ApplicationNo. 07/100158 filed on 09/23/1987
US Classes:267/71, Single166/77.52, With elevator detail267/125, For use in well drilling or operating267/226, Spring within coaxial fluid chamber267/291, Having guide rods extending through coils464/169Including spring to bias member in axial direction
ExaminersPrimary: Halvosa, George E. A.
Attorney, Agent or Firm
International ClassesE21B 19/00 (20060101)
E21B 19/16 (20060101)
E21B 3/00 (20060101)
E21B 3/02 (20060101)
DescriptionBACKGROUND OF THE INVENTION
This invention relates to a sub assembly for connecting a swivel of a drilling unit to a drill string. More specifically, the sub assembly includes a telescopic sub having a preloaded spring. The telescopic sub has three discrete positionsallowing it to travel in either direction from a normal position when threading in or out of a connection.
Conventional rotary drilling requires the use of a rotary table, a motor for rotating the table, a kelly and kelly bushings. These drilling systems are being replaced by "top drive" drilling systems which rotate the drill string from above usinga drilling motor suspended from or incorporated with a swivel.
Such a power swivel can be installed in a standard derrick or mast. Drilling is accomplished by the powered rotation of a suspended string of drill pipe. A cutting tool or bit is at the bottom end of the drill string which, through therotational energy supplied by the power swivel, cuts through the earth's formations and deepens the well. As the well is drilled, sections or stands of drill pipe must be periodically added to the top end of the drill string. During the drilling ofdeep wells, such as oil wells, the drill bit may become worn and/or require replacement before drilling of the well is completed. In this situation the entire drill string must be withdrawn from the well, one stand of pipe at a time, and the drill bitreplaced. After a new drill bit is replaced at the bottom end of the stand of drill pipe, the drill string is reassembled as described above. For drilling equipment utilizing a power swivel, the pipe handling operation is remotely controlled from aconsole on the derrick platform. Because the drilling unit is large and somewhat cumbersome to handle, the threads on the pipe ends frequently become damaged when "spinning in" or "spinning out" the individual pipe stands from the drill string. Whenthe pipe threads become damaged, the pipe must be temporarily taken out of service until the threads can be remachined to serviceable condition. Pipe having damaged threads and not taken out of service for repair could result in a separation of thedrill string inside the well bore. This increases the costs of drilling because of delay time and the increased inventory of drill pipe required.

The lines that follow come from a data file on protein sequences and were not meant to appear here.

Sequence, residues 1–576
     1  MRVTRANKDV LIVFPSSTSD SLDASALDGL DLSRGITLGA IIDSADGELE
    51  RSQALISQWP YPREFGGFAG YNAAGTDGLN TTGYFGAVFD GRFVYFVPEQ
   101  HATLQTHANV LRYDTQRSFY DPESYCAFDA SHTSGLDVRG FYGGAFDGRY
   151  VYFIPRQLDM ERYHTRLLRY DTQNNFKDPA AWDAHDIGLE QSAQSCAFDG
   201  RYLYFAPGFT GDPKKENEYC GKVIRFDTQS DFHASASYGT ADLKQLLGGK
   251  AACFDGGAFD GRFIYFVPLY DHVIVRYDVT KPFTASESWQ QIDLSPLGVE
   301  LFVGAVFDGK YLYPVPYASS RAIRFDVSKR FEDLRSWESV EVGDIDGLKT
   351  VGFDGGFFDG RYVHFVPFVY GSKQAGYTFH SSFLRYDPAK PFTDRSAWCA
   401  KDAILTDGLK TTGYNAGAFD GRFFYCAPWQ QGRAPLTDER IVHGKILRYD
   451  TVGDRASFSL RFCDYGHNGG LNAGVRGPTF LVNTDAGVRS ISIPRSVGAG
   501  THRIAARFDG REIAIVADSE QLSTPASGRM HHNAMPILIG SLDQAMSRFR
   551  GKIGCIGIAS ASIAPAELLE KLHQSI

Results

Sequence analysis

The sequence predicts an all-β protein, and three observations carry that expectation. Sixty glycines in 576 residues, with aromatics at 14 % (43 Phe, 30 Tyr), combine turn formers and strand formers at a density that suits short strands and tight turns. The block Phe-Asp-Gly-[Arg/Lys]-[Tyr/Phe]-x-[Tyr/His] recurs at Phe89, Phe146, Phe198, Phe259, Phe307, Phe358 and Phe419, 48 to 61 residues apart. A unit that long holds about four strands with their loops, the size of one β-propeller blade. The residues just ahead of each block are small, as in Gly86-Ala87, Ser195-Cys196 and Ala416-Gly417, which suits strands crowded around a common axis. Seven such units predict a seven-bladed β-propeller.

When a drill bit must be replaced, the power swivel vertically lifts the drill string from the well a distance above the floor of the drilling rig corresponding to the length of a stand of pipe. The stand of drill pipe may include as many asthree sections of pipe. The weight of the drill string is then supported by wedges or slips located at the floor of the drilling rig. The tongs of pipe handling equipment are used to hold and prevent rotation of the drill string while simultaneouslyrotating or "spinning out" the top stand of pipe. This top stand of pipe is supported by the power swivel as the power swivel rotates the stand of pipe. As the stand of pipe becomes threadably disengaged from the drill string, the tension of the powerswivel causes the stand of pipe to be abruptly pulled away. However, the bottom end of the stand of pipe frequently is impacted against the top end of the drill string caused by the rebound of the abrupt disengagement. Similar rebound and impact mayoccur when disconnecting the sub assembly of the power swivel from the top end of the pipe. Thread damage may occur when reassembling the stands of pipe to the drill string. The operator's visibility may be partially obscured when lowering a stand ofpipe using the power swivel and the control means lacks sensitivity to prevent sudden impact when engaging the bottom end of the stand of pipe to the top end of the drill string during the "spinning in" operation. For a stand of pipe extending as muchas 90 feet (27.4 m) above the console, the operator's line of sight may be completely obscured when connecting the sub assembly of the power swivel to the upper end of the stand of pipe.